It has been reported that the Wisconsin Senate has passed the Republican-backed bill that would cap attorneys’ fees in consumer cases. Senate Bill 12 was written after a car dealership allegedly paid over $150,000 in attorneys’ fees for a customer’s claim that they charged $5,000 in unauthorized repairs. The Senate voted on October 27th, resulting in a 17-15 approval.
A collection of legal fee articles…
Businesses Sue Lawyer & O’Quinn Firm, Seeking $110 Million (Texas Lawyer) – Two businesses (collectively referred to as “Gulf Coast”) are seeking $110 million in damages for negligence and breach of fiduciary duty against Russel Lloyd and the firm John M. Quinn & Associates of Houston. The businesses allege that the firm missed deadlines and that they had a strong cause of action for damages of over $110 million in their California case. Instead, Gulf Coast was facing an award of attorneys’ fees in Alabama for $1 million dollars, and alleged they were forced to abandon their California appeal in order to secure a $500,000 settlement in the Alabama case. Quinn refers to the case as having an unfortunate result, but maintains there was no breaches of duty. Currently the firm is in the midst of winding down its affairs due to the death of John M. Quinn two years ago. – http://www.law.com/jsp/tx/PubArticleTX.jsp?id=1202519747288&slreturn=1
In 2007, the City Council of Ontario approved the construction of a Wal-Mart supercenter. A lawsuit by residents who opposed the project soon followed.
The law firms of Dewey & LeBoeuf and Young, Conway, Stargatt & Taylor have recently encountered their second attack on the Dodgers’ bankruptcy case in relation to fee disputes. The first came on September 23, when Major League Baseball alleged that the law firms were working in the interests of Frank McCourt, the team’s owner, instead of the Dodgers. The second is in regards to a finance deal with Highbridge Principal Strategies.
Articles of note on legal fees….
Sooners Accumulating Basketball Legal Fees (ESPN) – The University of Oklahoma has allegedly paid more than $50,000 dollars to the law firm of Bond, Schoenck, and King since 2009 for investigations into their second major recruiting violation in the past 5 years. The firm has a specialty in NCAA compliance issues. The University has already admitted 2 serious violations by an assistant coach, and is having the firm audit the rest of their internal regulations. Although they have already spent over $50,000 dollars on the investigation, it pales in comparison to the over $800,000 spent by Ohio State on investigations based on violations by their football team. http://espn.go.com/dallas/story/_/id/7120347/ncaa-rules-violation-investigation-costs-oklahoma-more-50000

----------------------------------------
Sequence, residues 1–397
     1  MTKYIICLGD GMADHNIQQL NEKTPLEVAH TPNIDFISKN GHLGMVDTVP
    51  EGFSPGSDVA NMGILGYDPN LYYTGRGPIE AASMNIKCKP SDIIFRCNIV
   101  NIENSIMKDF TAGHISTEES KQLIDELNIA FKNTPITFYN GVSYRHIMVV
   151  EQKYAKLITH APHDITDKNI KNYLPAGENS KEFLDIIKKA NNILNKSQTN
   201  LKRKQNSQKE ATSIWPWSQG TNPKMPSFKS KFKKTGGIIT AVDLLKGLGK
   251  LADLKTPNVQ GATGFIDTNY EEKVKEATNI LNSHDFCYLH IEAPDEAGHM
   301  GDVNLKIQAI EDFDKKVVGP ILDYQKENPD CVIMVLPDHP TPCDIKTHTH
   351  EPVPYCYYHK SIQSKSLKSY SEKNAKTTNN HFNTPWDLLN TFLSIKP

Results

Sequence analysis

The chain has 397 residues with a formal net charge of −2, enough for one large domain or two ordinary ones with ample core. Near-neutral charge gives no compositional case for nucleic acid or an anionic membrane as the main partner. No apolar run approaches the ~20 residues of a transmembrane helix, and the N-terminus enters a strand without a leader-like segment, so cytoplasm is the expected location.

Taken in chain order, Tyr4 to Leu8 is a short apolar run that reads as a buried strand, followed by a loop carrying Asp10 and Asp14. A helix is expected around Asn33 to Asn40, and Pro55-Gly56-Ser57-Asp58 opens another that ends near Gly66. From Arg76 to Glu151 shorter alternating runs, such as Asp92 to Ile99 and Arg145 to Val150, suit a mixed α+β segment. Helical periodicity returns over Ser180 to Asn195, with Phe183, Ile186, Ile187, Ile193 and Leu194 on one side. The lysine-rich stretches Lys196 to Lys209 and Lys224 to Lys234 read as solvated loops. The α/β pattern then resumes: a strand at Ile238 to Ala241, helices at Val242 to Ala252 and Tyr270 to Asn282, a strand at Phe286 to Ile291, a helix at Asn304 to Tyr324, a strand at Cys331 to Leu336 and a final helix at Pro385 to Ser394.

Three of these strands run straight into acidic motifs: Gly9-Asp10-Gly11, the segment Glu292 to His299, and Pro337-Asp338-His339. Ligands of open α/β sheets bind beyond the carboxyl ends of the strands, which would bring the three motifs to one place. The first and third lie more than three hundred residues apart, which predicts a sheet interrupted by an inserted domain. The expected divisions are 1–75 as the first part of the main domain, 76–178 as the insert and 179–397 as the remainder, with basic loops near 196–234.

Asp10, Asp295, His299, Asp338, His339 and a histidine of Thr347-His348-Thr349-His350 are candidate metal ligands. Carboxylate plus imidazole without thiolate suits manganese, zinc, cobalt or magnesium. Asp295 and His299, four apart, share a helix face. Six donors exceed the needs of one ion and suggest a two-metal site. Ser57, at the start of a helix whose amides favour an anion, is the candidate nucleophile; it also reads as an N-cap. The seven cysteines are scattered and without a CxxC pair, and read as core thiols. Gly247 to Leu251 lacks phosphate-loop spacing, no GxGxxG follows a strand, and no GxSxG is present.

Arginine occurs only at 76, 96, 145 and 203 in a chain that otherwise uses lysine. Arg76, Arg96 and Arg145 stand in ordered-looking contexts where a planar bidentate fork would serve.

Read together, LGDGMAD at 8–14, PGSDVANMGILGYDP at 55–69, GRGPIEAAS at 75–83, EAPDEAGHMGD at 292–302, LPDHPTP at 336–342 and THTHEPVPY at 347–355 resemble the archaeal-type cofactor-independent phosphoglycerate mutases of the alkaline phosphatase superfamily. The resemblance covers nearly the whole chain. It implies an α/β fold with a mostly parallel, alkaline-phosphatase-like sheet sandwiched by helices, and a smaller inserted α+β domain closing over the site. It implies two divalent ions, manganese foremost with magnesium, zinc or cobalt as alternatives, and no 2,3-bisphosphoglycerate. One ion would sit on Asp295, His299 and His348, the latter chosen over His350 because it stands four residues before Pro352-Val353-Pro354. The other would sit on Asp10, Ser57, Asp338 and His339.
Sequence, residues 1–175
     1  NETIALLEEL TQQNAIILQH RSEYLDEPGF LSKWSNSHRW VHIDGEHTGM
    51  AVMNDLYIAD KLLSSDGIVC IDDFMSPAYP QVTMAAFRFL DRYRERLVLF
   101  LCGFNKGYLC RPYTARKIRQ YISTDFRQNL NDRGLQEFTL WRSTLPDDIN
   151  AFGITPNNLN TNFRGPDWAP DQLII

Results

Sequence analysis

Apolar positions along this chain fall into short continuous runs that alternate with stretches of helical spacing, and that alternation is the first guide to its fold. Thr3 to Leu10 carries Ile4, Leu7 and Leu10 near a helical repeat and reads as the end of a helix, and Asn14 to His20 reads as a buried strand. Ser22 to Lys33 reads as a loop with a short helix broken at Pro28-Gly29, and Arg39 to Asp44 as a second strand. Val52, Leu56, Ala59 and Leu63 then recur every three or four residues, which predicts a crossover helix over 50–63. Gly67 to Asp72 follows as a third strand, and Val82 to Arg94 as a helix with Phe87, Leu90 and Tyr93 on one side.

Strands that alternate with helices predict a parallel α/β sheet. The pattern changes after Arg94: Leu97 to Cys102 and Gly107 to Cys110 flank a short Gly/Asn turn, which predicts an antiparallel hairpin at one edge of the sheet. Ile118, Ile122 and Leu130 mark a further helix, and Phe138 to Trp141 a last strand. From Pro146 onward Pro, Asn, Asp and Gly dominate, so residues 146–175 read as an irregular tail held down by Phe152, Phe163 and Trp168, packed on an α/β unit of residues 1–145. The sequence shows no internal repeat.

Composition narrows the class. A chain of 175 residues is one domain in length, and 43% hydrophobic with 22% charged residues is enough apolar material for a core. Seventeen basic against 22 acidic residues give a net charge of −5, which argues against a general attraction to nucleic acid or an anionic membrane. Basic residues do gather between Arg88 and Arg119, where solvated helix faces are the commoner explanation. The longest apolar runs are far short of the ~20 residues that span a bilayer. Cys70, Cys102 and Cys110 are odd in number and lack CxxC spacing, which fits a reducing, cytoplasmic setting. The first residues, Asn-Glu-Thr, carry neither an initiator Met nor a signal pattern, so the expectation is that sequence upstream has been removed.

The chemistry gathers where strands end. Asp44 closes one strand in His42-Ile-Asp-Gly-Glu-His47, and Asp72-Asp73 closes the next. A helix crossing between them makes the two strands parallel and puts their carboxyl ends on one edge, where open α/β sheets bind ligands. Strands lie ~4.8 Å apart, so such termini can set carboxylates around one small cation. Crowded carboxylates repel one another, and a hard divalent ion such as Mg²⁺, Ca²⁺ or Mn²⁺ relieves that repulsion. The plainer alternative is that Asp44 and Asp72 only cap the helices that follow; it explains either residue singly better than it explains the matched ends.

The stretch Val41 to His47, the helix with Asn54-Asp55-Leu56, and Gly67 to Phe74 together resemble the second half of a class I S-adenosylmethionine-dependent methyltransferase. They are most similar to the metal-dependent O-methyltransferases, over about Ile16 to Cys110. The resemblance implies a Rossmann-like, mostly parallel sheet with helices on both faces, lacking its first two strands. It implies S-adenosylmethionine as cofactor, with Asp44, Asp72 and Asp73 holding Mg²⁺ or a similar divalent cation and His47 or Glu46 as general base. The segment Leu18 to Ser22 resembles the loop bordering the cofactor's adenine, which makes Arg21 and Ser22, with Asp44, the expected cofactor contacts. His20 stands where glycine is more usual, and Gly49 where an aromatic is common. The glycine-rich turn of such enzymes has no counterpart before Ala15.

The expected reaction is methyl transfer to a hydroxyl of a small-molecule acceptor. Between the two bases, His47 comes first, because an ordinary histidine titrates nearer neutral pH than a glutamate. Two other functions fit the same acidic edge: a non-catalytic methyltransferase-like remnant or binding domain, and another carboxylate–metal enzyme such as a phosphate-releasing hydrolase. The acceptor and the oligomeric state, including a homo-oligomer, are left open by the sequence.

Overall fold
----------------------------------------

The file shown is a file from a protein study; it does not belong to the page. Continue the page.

According to a recent report by the National Law Journal, U.S. District Judge Manuel Real significantly reduced a fee request made by the lawyers in the Prius headlight lawsuit.
A Pittsburgh man has been awarded $62,000 in attorneys’ fees after winning just $269 in a federal court case. The Associated Press reported that a verdict was handed down two months ago in favor of 29-year old Robert Rucker after a federal jury found that police officers wrongfully used a stun gun on him.
The town of Brookline, NH has exceeded its legal budget for the second straight year due to labor issues. Last year, a budget of $10,000 turned into over $51,000 in fees to cover legal costs associated with the firing of Police Chief Thomas Goulden. This year, although $20,000 was budgeted for the town legal fees, police department legal issues have already taken up $25,000. Along with $21,000 spent on the firing of Sgt. Michael Kurland, legal advice was needed with regard to union issues. “While I’m not pleased with the fact that we’ve overspent the legal budget, I am very comfortable with the fact that the moneys that have been spent were important to protect the interests of the town,” Selectmen Chairman Tad Putney said during a phone interview (with the Nashua Telegraph) on Thursday.
The New York State Supreme Court, Third Appellate Division, has reinstated attorney Louis Rosenthal after a two year suspension for charging excessive legal fees. Rosenthal had handled estates of decedents who died without written wills or close relatives and served as counsel to the Brooklyn public administrator from 1997-2002.
A collection of Legal Fee articles from the past week…
Hurricane’s Booster Bankruptcy Case Heats Up Over Legal Fees (Miami Herald) – Robert Shapiro, the notorious University of Miami Booster/Ponzi scheme artist, has his bankruptcy case currently involved in a struggle over legal fees. Amid accusations of misappropriation of corporate funds, the bankruptcy trustee is attempting to collect money for legal services rendered to Shapiro by former government officials Guy Lewis and Michael Tein. The trustee alleges the estate should recover funds because the legal services were provided to Shapiro the person, as opposed to Capital Investments, the bankrupt company. Other battles in the bankruptcy are over a 58 foot yacht that was used to entertain collegiate football players at the University. http://www.miamiherald.com/2011/10/11/2449217/um-booster-shapiros-bankruptcy.html